the penultimate WORD


Series 2009 - January

I will lead you all...






eaders, like epic heroes, are not guaranteed an epiphany.

Alberto Manguel,

The Library at Night, p. 27





cannot remember the tune.  The melody was unfamiliar to me.  No matter: the Bride’s waltz with her Father is sufficiently traditional that it requires no interpretation.  My daughter in my arms, we glided across the parquet floor and the room became a blur.  Guiding our course with my left hand, gently nudging with my right hand at her waist, we lost the lyrics and found the three quarter time.  Her joy was sufficient to light the way.

While the music has faded, the dance is as fresh as though I were still on that floor, my feet knowing their own mind and slip sliding on air.  Holding my first-born in my arms, I held at once a wonderful young woman and the infant that came home with us from the hospital many years earlier.  Time compressed in an instant, infancy and adulthood found an embrace that I was happy to give.  The music went on.


enjoy the dance.  Turning once in a stylish flourish the infant beheld now transformed and occupied the front seat of the third row of Sister Helen O’Neil’s classroom at St Patrick’s School.  This Grade two youngster convinced the Sisters of Charity that the Anglican Rector’s daughter knew the faith.  An invitation was extended for me to lead catechism classes for non-Roman Catholics.  My daughter had opened the door of the Principal’s Home Room.  Saint John’s West Side suffered denominational wounds that were historic and deep.  My daughter in my arms had done a lot to salve those wounds and heal past hurts.  The music went on.


ucceeding in neither stepping on her feet, nor tripping over my own, flourish followed flourish and I beheld Little Red on the boards in the K.V. Players Production of Stephen Sondheim’s Into the Woods where I was Cinderella’s inebriant father in a cameo role  My darling encouraged me to join her in four productions over the years.  We reached our zenith at The Playhouse in Fredericton as she showcased Josephine – the Lass who loved a Sailor – in H.M.S. Pinafore to my Ship’s Cook cameo in the Chorus.  We danced in infancy with three-way-huggies and the dance continued in the classroom and on the stage.  The music went on.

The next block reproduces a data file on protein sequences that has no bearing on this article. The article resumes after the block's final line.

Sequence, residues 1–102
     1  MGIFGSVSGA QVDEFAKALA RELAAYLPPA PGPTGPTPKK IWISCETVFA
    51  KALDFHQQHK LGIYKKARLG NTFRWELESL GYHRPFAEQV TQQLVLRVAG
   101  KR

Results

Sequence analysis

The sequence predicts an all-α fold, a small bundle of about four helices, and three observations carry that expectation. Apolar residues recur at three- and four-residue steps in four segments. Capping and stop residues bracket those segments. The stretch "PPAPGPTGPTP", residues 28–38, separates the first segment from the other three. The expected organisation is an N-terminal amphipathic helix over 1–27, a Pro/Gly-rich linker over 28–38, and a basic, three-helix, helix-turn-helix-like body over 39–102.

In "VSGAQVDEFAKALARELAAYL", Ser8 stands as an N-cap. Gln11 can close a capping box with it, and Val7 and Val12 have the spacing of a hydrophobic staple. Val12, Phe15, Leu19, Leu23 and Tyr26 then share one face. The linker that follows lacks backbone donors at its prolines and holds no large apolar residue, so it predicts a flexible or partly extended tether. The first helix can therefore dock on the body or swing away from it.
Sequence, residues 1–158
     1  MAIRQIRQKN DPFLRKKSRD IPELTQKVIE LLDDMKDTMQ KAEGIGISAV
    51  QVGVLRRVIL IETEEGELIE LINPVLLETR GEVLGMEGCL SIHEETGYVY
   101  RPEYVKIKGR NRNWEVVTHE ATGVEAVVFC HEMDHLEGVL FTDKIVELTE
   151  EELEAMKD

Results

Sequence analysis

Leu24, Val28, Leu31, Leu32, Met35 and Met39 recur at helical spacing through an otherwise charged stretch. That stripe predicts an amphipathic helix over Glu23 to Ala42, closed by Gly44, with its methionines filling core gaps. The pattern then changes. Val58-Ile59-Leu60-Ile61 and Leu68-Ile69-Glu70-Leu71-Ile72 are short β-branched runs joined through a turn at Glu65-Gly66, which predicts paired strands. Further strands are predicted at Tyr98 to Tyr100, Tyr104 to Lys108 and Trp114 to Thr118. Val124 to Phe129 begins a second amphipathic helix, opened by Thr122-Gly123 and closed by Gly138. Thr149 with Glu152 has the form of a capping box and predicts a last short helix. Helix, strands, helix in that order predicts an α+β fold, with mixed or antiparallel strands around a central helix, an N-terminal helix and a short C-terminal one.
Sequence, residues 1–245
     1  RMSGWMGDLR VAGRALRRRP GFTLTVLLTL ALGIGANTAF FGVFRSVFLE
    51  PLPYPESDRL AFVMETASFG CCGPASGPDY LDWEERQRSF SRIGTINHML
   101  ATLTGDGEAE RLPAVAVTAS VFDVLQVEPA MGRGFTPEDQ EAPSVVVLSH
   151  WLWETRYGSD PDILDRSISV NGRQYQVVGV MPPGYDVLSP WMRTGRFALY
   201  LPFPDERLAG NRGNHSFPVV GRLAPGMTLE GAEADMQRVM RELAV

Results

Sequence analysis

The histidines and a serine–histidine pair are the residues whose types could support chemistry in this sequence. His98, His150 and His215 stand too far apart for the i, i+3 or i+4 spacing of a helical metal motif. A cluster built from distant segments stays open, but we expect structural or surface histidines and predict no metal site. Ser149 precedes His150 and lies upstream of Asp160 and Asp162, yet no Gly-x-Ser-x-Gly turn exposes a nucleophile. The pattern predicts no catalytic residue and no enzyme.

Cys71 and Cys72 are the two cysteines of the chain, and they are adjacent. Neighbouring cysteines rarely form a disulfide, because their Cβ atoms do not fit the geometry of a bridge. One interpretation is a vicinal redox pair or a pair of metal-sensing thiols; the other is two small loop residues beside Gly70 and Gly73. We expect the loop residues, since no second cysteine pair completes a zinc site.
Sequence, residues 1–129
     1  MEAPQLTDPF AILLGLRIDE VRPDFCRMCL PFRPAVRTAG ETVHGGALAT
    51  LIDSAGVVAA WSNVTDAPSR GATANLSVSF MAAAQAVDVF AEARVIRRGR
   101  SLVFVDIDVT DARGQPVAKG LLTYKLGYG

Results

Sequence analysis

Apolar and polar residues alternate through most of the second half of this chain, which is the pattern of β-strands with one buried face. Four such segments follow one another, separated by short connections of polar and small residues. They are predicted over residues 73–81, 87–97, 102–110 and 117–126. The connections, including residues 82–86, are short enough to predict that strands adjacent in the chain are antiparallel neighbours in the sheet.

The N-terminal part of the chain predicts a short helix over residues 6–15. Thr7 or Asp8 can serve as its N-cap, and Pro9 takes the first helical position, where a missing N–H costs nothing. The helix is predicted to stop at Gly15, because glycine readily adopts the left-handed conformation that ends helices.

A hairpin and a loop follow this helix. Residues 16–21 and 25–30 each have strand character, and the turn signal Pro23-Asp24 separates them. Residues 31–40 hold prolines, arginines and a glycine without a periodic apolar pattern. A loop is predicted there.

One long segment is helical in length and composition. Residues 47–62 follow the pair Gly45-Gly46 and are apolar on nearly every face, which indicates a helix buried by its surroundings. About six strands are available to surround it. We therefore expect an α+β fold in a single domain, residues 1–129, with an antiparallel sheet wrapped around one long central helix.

ut the insights wonderful by themselves were no epiphany.

Endurance and courage are the stuff that heroes are made of; but for all that, as Manguel is quick to point out, epiphanies are not guaranteed.  While all lives are lived, and are the stuff of epics, the joy of the discovery of the unexpected is not warranted.  The nostalgia of the moment, as music filled the room and we filled each others arms, as wonderful as that was remained long after the tune concluded and the tempo changed and another dance was begun.  Just the same, the music went on.


n the afterglow of those memories my epiphany began to emerge; small, at first, but it gained stature.  The length and breadth of the discovery glided across time as though time were measured by parquet patterns and not hours and minutes and seconds.  The dance floor spanned a life lived.  It presented an epic journey. The music went on and my partner always with me, always leading, ever graceful was the One who invites us all to dance… wherever we may be.

I have never danced alone.

As my daughter brought memories freshly cut as summer flowers in a vase, I recollected moments when joy and sorrow, laughter and tears navigated a dance floor when I felt secure and when I have been alone.  In the very midst of that choreography the lord of the dance continued to lead.  And I did my best to follow.  Finding myself exploring an unfamiliar dance floor and buoyed up by music unfamiliar to me, I have often been reluctant as the music went on.


ut my reluctance is no startling discovery.  Each of us prefers to lead than to be led. 

My epiphany was better than any amount of gold.  It was more poignant than any amount of myrrh or incense.  Those led others to their epiphanies.

My epiphany was to discover the One who first beckoned me to step onto the dance floor.  In whatever circumstances filled my dance card, the dance went on.  And the music goes on still.

Dance, dance, wherever you may be

I am the Lord of the dance, said he

And I lead you all, wherever you may be

And I lead you all in the dance, said he.

Copyright © 2009 James T. Irvine

Midi: Lord of the Dance


Series 2009

Sermon delivered at St Matthew's ELCIC, Fredericton

penultimate WORD Festivals of Light Series